Bathroom Lighting

 Lighting Designer Will Lewis

Lighting designer Will Lewis shares his insights on how proper bathroom lighting can positively impact our homes, and our health.

Q. What considerations should be taken into account when lighting a bathroom?

A. Most interior spaces have the same three main considerations: supporting visual activities, rendering the architecture for perception, and overall visual experience. Good bath lighting starts with the vanity. We need light that properly illuminates our face from a flattering angle to avoid long eye socket shadows; light should come from multiple directions to properly render our curves and creases; and light sources and positions need to be free of glare. We’re not consciously aware of it, but that meeting with yourself in the mirror provides valuable feedback about your current state of health—those bags under your eyes, your skin tone, complexion, etc., are important visual cues that you need to catch a little more sleep or drink a few more glasses of water.

Q. What are the best kinds of lights to use above the vanity? Above a free-standing tub? Over the shower? As general lighting?

Bathroom Lighting Concepts

Photo Courtesy of Lewis Lighting Design

A. Mirrors with internal backlighting are a good solution for modern bathrooms. They light your face with multiple sources from a good angle and from multiple directions while keeping the light source away from your direct line of sight. You can also uplight the ceiling and have undercabinet lighting on the sink concealed behind the mirror. For more traditional aesthetics or more budget-friendly solutions, a linear fixture either above the mirror or on both sides with a soft diffuser works well. Spreading the light out over a larger area in this way makes it softer on the eye as compared to using smaller wall sconces for the same amount of light.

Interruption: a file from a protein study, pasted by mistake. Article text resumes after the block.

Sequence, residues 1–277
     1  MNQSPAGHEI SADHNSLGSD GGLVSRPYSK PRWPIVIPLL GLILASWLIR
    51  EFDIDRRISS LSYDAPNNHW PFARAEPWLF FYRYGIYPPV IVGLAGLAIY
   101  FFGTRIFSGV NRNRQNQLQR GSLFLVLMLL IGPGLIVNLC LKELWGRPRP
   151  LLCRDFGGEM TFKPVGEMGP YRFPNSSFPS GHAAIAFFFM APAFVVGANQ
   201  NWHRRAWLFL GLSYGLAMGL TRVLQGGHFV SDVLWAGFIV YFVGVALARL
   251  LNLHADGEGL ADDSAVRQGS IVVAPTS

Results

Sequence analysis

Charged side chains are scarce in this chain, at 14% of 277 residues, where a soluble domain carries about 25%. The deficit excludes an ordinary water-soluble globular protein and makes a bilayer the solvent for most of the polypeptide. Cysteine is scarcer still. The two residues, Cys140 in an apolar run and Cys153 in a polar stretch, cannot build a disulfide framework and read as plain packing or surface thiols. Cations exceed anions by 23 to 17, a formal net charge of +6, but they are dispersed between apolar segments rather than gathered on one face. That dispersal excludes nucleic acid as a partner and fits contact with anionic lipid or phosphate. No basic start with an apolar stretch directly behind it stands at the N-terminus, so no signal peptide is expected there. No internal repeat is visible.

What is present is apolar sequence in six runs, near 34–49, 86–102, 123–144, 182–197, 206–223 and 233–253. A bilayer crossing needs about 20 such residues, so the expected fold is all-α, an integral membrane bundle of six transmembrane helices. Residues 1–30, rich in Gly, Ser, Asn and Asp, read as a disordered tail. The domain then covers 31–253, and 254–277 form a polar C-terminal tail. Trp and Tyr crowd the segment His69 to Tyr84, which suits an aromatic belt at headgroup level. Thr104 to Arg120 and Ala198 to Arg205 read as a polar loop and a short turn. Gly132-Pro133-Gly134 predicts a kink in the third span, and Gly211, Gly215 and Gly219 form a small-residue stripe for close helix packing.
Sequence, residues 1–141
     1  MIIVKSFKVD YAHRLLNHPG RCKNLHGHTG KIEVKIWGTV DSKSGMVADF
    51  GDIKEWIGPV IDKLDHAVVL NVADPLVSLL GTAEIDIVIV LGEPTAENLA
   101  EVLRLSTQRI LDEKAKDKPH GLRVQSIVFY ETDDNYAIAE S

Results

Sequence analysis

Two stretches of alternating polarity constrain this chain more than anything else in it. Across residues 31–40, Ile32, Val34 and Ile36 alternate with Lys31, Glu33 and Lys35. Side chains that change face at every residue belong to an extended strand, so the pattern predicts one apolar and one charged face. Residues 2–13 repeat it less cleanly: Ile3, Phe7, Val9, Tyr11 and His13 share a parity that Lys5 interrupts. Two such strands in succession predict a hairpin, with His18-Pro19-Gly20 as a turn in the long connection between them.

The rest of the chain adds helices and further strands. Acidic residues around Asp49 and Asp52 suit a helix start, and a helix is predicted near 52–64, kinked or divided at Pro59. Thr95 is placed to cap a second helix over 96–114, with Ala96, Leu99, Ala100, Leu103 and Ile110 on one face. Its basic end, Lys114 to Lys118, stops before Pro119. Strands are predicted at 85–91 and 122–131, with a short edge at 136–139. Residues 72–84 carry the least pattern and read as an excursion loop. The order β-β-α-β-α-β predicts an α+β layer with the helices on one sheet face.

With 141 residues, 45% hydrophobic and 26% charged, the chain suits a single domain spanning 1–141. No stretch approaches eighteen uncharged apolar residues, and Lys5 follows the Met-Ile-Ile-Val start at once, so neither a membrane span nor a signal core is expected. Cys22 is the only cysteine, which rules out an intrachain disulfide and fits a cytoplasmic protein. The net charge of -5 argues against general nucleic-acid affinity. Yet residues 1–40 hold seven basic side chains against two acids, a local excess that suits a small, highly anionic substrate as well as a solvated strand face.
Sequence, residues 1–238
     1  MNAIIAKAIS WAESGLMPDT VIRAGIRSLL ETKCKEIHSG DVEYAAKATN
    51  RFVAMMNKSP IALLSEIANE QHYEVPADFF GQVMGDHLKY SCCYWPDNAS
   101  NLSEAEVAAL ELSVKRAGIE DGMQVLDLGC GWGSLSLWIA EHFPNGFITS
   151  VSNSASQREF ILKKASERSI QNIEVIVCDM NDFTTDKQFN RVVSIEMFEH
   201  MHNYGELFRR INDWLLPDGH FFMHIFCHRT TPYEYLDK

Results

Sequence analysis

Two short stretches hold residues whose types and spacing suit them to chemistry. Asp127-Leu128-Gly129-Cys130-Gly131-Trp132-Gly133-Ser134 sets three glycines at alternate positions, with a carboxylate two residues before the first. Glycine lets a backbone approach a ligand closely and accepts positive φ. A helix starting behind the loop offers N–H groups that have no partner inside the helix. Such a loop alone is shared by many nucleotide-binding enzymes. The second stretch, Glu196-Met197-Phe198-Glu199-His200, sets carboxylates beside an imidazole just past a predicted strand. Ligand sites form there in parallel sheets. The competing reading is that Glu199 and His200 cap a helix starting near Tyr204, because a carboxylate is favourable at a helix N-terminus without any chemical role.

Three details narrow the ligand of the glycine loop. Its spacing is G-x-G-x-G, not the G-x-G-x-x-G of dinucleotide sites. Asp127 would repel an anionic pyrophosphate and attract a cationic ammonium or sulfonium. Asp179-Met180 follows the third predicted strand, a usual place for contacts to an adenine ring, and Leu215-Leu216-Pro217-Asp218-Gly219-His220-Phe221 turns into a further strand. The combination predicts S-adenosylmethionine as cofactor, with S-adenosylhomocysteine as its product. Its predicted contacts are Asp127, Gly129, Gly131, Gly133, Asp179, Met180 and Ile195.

Lights in the shower are often not necessary if you have a good ceiling-mounted light in the room. For high-end master suites I like to use a ceiling recessed wall washer with a solid glass lens that lights the fixture wall from behind a waterproof, corrosion-proof glass trim recessed in the ceiling. The right light on a premium finish tile surround can provide a beautiful backdrop to the composition of the room.

With adequate ceiling height, a decorative pendant light could be used above a freestanding tub. I would use a soft glowing globe type fixture (appropriately styled to complement the interiors), mounted high enough to avoid accidental contact. Dimmable downlights would be a nice complement to create ambiance for a relaxing soak.

Q. What should consumers look for in terms of color and wattage?

A. Color is highly subjective, based on personal preference, interior style, and finish palette. For example, cooler lighting can look great in a modern, minimalist aesthetic with slate flooring, white subway tile, white plumbing fixtures, and light gray-toned finishes. But cooler light can have a muting effect on earth-toned palettes so you are better off with a warmer light there. At the vanity you want your lighting to match the conditions of light that you will be in throughout the day. What looks great at the mirror may unfortunately look much different at the office. This is a moving target though since both office lighting and mid-day natural light are on the cooler side, but evening functions are often in spaces with dimmer, warmer

lighting. A mid-level color temperature around 3000K might be a good compromise, but “tunable-white” LED lighting may be an ideal solution as it offers the ability to adjust the color temperature of the light as you see fit.